Adobe has promised more intuitive and efficient creative experiences for the on-the-go content creators for the last year or two. The previously released Premiere Rush gives video creators mobile options to create captivating video. Lightroom CC is great for photographers who want to edit image files.

But wait. There’s more up Adobe’s sleeves with the forthcoming Photoshop for iPad as well as the recently released beta version of Adobe Fresco for iPad.

SEE: Choosing your Windows 7 exit strategy: Four options (TechRepublic Premium)

What is Adobe Fresco?

Adobe first mentioned Project Gemini at the 2018 Adobe Max conference, but has since renamed the product Fresco. Fresco is a digital sketching, drawing, and painting app, which mimics the authentic feeling of drawing or painting on a digital device such as an iPad. The app focuses on providing artists with all the tools they would normally have at their disposal in a studio such as different brush or pencils types, different inks and paint, as well as digital tools such as layers and blend modes.

I had an opportunity to try out the beta version of the app. I was curious to see if this app and UX was really as natural as promised. And to Adobe’s credit, the experience is quite nice for a beta product.

Fresco features

The app features a layout very similar to the “lite” version of Photoshop or Illustrator on an iPad. The interface is intuitive and packed with tool tips to guide users along the way. Different brushes and pencils are available, or you can even import any custom brushes you created or downloaded online into the app (Figure A).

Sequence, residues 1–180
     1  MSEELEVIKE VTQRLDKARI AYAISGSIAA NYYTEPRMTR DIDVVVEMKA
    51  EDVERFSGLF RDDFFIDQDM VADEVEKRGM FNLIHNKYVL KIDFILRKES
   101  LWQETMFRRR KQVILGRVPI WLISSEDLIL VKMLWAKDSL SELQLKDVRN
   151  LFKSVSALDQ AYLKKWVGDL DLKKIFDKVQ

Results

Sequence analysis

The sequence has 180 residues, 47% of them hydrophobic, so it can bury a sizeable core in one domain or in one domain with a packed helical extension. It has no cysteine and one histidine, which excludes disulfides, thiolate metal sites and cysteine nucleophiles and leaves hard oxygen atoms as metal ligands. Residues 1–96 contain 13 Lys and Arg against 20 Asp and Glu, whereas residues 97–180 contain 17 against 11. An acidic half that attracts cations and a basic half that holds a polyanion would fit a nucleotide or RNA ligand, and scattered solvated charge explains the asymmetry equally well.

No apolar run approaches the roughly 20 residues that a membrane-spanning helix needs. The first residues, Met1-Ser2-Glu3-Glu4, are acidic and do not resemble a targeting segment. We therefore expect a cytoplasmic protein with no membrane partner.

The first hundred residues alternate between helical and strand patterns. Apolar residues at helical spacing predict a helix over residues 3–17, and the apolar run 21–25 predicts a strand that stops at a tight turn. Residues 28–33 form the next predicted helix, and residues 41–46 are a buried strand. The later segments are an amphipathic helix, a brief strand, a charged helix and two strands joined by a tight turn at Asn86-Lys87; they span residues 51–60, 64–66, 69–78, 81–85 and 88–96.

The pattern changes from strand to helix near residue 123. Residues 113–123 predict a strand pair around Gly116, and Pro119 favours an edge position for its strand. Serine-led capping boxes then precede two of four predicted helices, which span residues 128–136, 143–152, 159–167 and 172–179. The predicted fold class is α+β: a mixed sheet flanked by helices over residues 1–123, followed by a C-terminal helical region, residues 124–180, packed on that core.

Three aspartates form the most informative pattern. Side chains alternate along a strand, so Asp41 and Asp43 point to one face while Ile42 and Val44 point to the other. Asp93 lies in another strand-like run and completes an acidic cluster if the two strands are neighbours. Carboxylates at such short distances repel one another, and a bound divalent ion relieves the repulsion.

The brushes emulate the same movements of a brush on a real canvas. Couple this with the pressure sensitivity of the Apple Pencil on your iPad, and you’re not going to skip a beat in getting used to the digital workflow.

Figure A: On Adobe Fresco the brushes will emulate the same movements of a brush just as if it is it on a canvas in real life.
Ant Pruitt

The attention to detail Adobe uses is noteworthy with regards to flow, paint, and ink type. When using water color paint, the digital screen takes on the physical characteristics of a canvas absorbing the water-based pigment. Users will notice how the paint bleeds away from a brush with just a tap or with heavy pressure. It’s quite magical to see. Oil painting reacts in its more viscus fashion as a stiff brush leaves thick marks on the canvas creating texture only found in oil paintings. Blending paint colors on artwork is unbelievably close to the experience of physical canvas or paper (Figure B).

Figure B: Blending paint colors on artwork is unbelievably close to the experience of physical canvas or paper
Ant Pruitt

Using layers

I enjoyed using layers in Fresco just as I would in Photoshop. When in Photoshop, I tend to create certain adjustments or manipulations so that I’m not destructively processing an image. This also allows me to use layer masks to cover or reveal portions of my images on underlying layers. Fresco offers this functionality, and it works beautifully. While I was on a long cross-country flight, I spent time doodling in Fresco and utilized the layer capabilities to create a rendition of my view of the aircraft’s wing over the midwestern countryside (Figure C).

Figure C
Ant Pruitt


Adobe Fresco is currently in beta, but you can request access to the beta program via Adobe. The full release will come later in 2019 according to Adobe. I predict we may see it as soon as November 4 during Adobe Max 2019.

Fresco will only be available on iPads running iOS version 12.4 or higher. Specifically, the iPad Pro, third generation iPad Air, fifth and sixth generation iPad and fifth generation iPad Mini. The Apple Pencil is not required, but I highly recommend it for optimal user experience. Stay tuned for more release information regarding Adobe Fresco in the coming weeks.